I'm still reeling from the wonder that was Harvest, Jim Crace's most recent novel, and I was very reluctant to try one of his earlier novels for fear it might disappoint. It didn't. In fact, in many ways it was the equal to Harvest  haunting, compelling and unsettling in equal measure. To say that Jim Crace is Britain's most powerful living novelist is perhaps too wild a claim, but for me he is right up there with the very best that the English speaking language has to offer.


I can say with some confidence that Crace has produced a poignant essay on Death, the likes of which I have never come across in any form of literature. And it resonates, every single line of it, like a death sentence. It has a detached biological style but this in no way detracts from its unnerving power. Quite the contrary, by situating the inevitability of death in its proper natural setting, Crace's novel merely brings that inevitability that much closer.


We don't teach death at school. A pity. We should. To state the blindingly obvious, death is our only certainty that we have to play with, that and the accompanying aging process that many of us have the dubious pleasure of looking forward to. Those who aren't busy being born are busy dying, said one very well-known wordsmith. But for the most part, death is something of a taboo. Don't talk about it and it won't bother us. Fat chance. Even with the very old and frail we tiptoe around the houses. And for the young there is only the promise of never-ending youth, endless adventure and unlimited possibilities. We have tried to turn nature on its head, and in so doing we have done ourselves, young and old, a huge disfavour.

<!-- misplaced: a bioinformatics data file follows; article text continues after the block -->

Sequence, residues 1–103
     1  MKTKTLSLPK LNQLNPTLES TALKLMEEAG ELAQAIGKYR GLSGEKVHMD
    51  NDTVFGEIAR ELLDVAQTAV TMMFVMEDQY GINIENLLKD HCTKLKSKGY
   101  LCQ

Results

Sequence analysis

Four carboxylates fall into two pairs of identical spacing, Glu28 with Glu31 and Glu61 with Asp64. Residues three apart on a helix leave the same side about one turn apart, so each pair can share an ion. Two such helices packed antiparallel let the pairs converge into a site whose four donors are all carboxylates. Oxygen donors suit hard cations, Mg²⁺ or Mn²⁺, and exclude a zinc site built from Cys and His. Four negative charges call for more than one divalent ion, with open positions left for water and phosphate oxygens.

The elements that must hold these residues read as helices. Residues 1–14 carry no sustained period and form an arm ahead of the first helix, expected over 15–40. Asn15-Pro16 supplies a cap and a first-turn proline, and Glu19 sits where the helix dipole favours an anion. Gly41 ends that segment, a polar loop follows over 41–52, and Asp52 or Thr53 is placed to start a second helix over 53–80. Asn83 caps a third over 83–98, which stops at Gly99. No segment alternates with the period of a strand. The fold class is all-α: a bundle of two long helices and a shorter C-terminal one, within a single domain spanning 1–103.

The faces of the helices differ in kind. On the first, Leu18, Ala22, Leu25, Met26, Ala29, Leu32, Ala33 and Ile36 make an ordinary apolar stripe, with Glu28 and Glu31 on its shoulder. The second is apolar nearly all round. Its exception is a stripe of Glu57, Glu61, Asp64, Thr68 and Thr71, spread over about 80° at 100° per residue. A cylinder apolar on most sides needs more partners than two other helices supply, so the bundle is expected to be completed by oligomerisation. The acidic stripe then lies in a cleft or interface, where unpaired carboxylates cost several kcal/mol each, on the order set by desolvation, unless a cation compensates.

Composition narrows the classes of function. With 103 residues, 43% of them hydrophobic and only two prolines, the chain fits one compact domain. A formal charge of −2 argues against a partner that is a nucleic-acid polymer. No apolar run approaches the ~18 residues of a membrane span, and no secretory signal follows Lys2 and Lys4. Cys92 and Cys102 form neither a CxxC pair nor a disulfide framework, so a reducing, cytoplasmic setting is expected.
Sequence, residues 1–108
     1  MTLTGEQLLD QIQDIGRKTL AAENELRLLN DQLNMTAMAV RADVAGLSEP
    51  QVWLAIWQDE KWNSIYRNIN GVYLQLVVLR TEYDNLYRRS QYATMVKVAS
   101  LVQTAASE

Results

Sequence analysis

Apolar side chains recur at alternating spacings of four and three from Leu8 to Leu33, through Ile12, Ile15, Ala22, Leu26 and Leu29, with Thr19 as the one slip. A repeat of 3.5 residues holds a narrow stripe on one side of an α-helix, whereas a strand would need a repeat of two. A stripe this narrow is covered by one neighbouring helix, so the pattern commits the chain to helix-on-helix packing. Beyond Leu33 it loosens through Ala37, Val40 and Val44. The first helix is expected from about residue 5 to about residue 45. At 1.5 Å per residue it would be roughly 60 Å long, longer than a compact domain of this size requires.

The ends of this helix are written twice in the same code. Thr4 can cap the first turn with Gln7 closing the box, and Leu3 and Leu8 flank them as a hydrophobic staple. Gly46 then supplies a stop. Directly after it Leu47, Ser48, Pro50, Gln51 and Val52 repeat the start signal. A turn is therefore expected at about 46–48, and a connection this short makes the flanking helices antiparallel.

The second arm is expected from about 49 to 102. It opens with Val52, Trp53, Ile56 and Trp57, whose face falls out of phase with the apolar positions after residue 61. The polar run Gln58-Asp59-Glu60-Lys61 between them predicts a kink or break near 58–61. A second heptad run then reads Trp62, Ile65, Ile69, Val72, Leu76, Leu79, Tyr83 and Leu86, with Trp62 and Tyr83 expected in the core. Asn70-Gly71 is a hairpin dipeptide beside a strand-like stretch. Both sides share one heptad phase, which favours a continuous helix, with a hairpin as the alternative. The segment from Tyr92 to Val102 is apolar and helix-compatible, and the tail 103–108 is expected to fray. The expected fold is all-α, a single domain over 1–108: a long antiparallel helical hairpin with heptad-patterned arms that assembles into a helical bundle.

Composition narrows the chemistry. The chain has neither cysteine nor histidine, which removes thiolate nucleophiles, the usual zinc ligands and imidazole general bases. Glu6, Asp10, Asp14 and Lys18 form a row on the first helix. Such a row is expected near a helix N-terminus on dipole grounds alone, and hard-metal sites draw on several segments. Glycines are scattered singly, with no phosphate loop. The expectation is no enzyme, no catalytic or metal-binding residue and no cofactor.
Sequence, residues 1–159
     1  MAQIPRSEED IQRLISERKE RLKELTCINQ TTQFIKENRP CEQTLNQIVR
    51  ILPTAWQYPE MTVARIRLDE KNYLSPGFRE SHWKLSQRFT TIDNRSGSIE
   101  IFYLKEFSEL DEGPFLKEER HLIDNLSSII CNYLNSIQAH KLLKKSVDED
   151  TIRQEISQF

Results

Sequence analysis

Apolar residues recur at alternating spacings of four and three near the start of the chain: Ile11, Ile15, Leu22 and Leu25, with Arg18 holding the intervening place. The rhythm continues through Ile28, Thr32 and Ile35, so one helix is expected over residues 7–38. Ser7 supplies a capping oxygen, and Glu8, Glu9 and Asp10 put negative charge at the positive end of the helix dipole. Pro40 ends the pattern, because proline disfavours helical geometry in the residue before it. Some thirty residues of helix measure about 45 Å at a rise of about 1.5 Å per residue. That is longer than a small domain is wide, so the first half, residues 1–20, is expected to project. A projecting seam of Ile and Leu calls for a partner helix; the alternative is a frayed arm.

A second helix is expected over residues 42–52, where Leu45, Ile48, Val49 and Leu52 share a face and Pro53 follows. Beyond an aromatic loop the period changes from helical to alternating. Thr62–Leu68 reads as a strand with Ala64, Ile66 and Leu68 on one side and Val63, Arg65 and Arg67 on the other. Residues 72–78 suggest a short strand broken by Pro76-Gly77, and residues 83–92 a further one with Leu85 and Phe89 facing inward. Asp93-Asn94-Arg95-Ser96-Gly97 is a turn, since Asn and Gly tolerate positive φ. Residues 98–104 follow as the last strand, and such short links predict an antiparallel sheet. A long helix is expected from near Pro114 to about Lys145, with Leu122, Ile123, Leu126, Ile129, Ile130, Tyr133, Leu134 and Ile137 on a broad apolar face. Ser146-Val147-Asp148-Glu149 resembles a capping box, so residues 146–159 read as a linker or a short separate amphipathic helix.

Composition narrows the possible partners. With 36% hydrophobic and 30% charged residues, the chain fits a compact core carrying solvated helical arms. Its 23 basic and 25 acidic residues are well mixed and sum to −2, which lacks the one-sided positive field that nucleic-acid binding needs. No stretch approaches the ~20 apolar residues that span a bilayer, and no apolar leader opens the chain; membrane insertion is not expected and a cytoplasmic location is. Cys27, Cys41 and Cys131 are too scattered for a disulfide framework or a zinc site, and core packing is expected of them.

So in the absence of any truly open discourse on what is our only certainty, we have only our novelists and poets to fill the void. And for me, Crace offers us a gold medal service. His prose is neither mawkish or sensationalist. His message is clear enough. Like any living thing  plant or animal, we start from a tiny seed, grow tall or stunted according to the prevailing environment and the winds of chance, and then we die. Of course, even if we accept this simple intellectual construct as a fact, which it surely is, we still carry on our daily lives as if we have a thousand years ahead of us. What a strange species we are.


For some an essay devoted to death, even one in scintillating novel form, may seem a depressing prospect. But for me, Crace's work was wonderfully liberating. Liberating in that it eases our inevitable existential angst, and liberating in that it reminds us to value each and every moment of our conscious being. And of course, one of those precious moments will soon be our last.

Even stars must decompose, disrupt and blister in the sky. Everything was born to go. The universe has learned to cope with death. P208


I can only say this by way of conclusion; read this novel before you die. It will help.


End JPK Copyright, 31/5/16

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Last Updated ( Sunday, 20 May 2018 09:47 )